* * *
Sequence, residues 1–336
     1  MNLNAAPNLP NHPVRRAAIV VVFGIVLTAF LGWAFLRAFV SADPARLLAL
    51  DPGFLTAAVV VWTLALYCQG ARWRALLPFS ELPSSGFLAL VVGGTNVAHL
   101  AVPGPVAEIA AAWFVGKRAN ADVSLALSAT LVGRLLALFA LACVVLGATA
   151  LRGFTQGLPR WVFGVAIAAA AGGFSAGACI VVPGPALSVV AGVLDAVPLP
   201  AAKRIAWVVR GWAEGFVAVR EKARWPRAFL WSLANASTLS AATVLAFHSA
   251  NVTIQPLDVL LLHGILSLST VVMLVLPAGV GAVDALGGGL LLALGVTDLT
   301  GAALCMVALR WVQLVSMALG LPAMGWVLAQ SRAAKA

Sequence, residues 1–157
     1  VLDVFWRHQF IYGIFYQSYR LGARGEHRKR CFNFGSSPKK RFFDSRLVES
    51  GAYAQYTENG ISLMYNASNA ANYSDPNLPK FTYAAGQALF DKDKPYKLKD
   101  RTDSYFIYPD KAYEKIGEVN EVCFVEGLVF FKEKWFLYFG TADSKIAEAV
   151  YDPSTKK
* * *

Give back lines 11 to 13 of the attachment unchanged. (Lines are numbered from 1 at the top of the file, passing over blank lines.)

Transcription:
    51  GAYAQYTENG ISLMYNASNA ANYSDPNLPK FTYAAGQALF DKDKPYKLKD
   101  RTDSYFIYPD KAYEKIGEVN EVCFVEGLVF FKEKWFLYFG TADSKIAEAV
   151  YDPSTKK